Buried as it is among ads for motorcycles, sports jerseys and jewellery, a classified listing on websites Kijiji and Craigslist for “Pipe Organ Casavant Freres Opus 1034, Circa 1924” has attracted relatively few page views.
Developers who are converting a church in Toronto’s west end into condos are desperately seeking a new home for the pipe organ. They’re having a tough time – go figure.
The carefully crafted instrument, which was manufactured by Quebec’s Casavant Frères Ltee roughly 90 years ago, has 849 pipes that will have to be dismantled just to remove it, a process that will take weeks and cost more than $15,000. Reassembling and cleaning will be an additional $40,000 or so. And the current asking price is $20,000.
Still, there has been some interest. The condo developers, the Windmill Development Group, received a phone call from a music producer who thought about putting it in his studio. But he didn’t call back after learning that the pipes, which range from four to 16 feet in height, stretch as high as 25 feet once the façade and casing is included.
Indeed, the organ officially became homeless when the blossoming Seventh Day Adventist congregation that had made its home on Perth Avenue sold the site to move into a bigger space – with lower ceilings.
There was another call from an amateur historian who keeps random artifacts at his farm. And a company that didn’t know why the instrument was being put up for sale tried its luck to see if it could interest the developers in replacing the pipe organ with a more modern (and easy to relocate) digital one. But the most promising call thus far has come from a church organization that offered to disassemble and store the instrument until a church needed it.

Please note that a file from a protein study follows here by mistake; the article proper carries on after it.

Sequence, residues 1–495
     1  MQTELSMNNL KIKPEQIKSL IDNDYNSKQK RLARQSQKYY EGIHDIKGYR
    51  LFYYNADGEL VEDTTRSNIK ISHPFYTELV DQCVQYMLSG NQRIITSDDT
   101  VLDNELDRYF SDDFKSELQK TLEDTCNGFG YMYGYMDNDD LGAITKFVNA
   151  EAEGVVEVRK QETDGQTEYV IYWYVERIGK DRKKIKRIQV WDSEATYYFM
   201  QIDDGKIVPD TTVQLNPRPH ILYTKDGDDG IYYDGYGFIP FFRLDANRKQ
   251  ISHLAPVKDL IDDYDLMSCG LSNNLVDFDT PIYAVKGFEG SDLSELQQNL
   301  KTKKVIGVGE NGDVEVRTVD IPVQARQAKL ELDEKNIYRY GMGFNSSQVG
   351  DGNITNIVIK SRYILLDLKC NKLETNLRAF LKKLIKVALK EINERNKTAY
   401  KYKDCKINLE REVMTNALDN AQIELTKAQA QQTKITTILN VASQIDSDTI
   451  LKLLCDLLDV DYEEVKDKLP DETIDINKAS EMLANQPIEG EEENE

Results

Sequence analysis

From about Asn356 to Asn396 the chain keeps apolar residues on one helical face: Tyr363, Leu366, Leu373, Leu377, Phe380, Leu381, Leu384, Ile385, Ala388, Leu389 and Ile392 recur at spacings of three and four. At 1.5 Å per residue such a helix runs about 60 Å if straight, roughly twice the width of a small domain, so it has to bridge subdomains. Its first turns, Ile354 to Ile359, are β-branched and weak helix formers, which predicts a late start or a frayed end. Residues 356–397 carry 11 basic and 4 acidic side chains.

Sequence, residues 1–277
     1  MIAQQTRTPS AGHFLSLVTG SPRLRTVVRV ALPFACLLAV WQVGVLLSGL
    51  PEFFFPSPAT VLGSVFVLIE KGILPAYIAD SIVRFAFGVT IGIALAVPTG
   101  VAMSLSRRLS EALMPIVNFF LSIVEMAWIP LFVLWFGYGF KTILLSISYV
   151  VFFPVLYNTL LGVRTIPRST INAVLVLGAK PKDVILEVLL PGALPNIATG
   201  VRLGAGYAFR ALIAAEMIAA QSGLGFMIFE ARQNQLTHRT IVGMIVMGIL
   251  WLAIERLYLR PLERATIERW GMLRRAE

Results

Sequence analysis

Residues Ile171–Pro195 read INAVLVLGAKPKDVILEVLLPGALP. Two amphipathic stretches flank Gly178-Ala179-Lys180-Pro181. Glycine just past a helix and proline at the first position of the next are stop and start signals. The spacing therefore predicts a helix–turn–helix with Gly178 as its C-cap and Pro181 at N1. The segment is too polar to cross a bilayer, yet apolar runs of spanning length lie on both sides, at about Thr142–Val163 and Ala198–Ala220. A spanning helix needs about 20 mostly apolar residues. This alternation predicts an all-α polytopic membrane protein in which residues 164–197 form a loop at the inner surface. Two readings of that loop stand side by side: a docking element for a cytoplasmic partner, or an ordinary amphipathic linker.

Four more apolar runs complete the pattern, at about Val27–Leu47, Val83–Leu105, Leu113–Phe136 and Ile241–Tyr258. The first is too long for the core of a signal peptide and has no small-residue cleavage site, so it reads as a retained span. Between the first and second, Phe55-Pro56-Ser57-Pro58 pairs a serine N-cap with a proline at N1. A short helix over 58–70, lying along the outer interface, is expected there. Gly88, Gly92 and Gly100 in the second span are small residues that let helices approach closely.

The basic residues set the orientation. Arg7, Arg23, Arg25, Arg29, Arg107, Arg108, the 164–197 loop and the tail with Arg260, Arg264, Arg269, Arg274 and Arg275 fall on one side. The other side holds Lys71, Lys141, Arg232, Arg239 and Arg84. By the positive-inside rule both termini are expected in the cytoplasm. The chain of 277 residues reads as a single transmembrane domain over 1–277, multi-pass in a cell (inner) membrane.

“Hopefully, we just find someone who comes along and says, ‘We’re building a church and we’d love to have it,’” says Alex Speigel, who runs the Toronto office of Ottawa-based Windmill. “What do you do with an organ? It’s huge! So we’ve been spending a lot of time trying to find a new home for it.”
The company isn’t required to find a home for the instrument, but is trying to find new uses for as many of the church fixtures as possible. They’re hoping to house them all before construction begins, in roughly two months.
Mr. Speigel and his associates have put in calls to the company that built it, music professors, a number of organists and other musicians, most of whom politely said they’ll spread the word.
“We get some crank calls and some great calls; it’s a whole process,” Mr. Speigel says. “We’ve even got a guy at the Discovery Channel who said, ‘If you ever find a home for this, we want to do a special on just taking this whole thing apart.’”
Simon Couture, vice-president of Casavant Frères Ltee., says his firm has put a lot of effort into seeking a home for the instrument and is surprised one hasn’t been found yet.
He likens his efforts to pair up buyers and sellers of the company’s organs to being a matchmaker: “When the right instrument becomes available, you need to be ready.”
“We have worked very hard to find a home for it,” he said. “It doesn’t mean it’s not a good pipe organ, it’s just a matter of what people are looking for at this stage.”
He noted that the company is in the midst of reinstalling a 1960s organ from a decommissioned church in Montreal into a parish in Mississauga. That parish wanted a larger one than the one Windmill is selling, and also made its decision before Mr. Couture knew this one was for sale.
“We see it as our duty, our mission, to find new homes for these Casavant organs,” he said. “It’s really sad that we seem to be unable to find a new home for this one.”
But Mr. Couture remains optimistic. And in the meantime, the instrument is getting some love – Mr. Speigel can occasionally be spotted putting his amateur piano techniques to use.
“It’s really amazing because there are two levels of keyboards and then there are all these pedals on the floor,” he says. “If nobody’s listening I can have a lot of fun.”